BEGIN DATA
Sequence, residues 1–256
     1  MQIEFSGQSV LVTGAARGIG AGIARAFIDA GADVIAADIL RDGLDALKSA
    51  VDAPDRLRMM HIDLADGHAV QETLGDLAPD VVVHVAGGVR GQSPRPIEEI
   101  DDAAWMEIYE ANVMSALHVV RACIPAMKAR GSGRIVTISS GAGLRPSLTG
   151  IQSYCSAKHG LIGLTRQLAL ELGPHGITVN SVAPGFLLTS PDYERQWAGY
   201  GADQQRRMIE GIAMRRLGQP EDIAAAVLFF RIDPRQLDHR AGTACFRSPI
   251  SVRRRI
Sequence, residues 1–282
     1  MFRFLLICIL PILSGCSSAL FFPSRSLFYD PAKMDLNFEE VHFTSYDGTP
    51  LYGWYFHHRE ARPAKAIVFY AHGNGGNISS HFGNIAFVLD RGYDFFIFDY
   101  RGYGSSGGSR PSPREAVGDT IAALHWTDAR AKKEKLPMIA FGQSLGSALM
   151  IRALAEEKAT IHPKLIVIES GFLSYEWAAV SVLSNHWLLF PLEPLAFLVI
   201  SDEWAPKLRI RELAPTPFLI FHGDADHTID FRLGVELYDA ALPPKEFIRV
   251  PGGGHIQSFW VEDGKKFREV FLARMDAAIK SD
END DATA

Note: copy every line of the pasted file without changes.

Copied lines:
Sequence, residues 1–256
     1  MQIEFSGQSV LVTGAARGIG AGIARAFIDA GADVIAADIL RDGLDALKSA
    51  VDAPDRLRMM HIDLADGHAV QETLGDLAPD VVVHVAGGVR GQSPRPIEEI
   101  DDAAWMEIYE ANVMSALHVV RACIPAMKAR GSGRIVTISS GAGLRPSLTG
   151  IQSYCSAKHG LIGLTRQLAL ELGPHGITVN SVAPGFLLTS PDYERQWAGY
   201  GADQQRRMIE GIAMRRLGQP EDIAAAVLFF RIDPRQLDHR AGTACFRSPI
   251  SVRRRI
Sequence, residues 1–282
     1  MFRFLLICIL PILSGCSSAL FFPSRSLFYD PAKMDLNFEE VHFTSYDGTP
    51  LYGWYFHHRE ARPAKAIVFY AHGNGGNISS HFGNIAFVLD RGYDFFIFDY
   101  RGYGSSGGSR PSPREAVGDT IAALHWTDAR AKKEKLPMIA FGQSLGSALM
   151  IRALAEEKAT IHPKLIVIES GFLSYEWAAV SVLSNHWLLF PLEPLAFLVI
   201  SDEWAPKLRI RELAPTPFLI FHGDADHTID FRLGVELYDA ALPPKEFIRV
   251  PGGGHIQSFW VEDGKKFREV FLARMDAAIK SD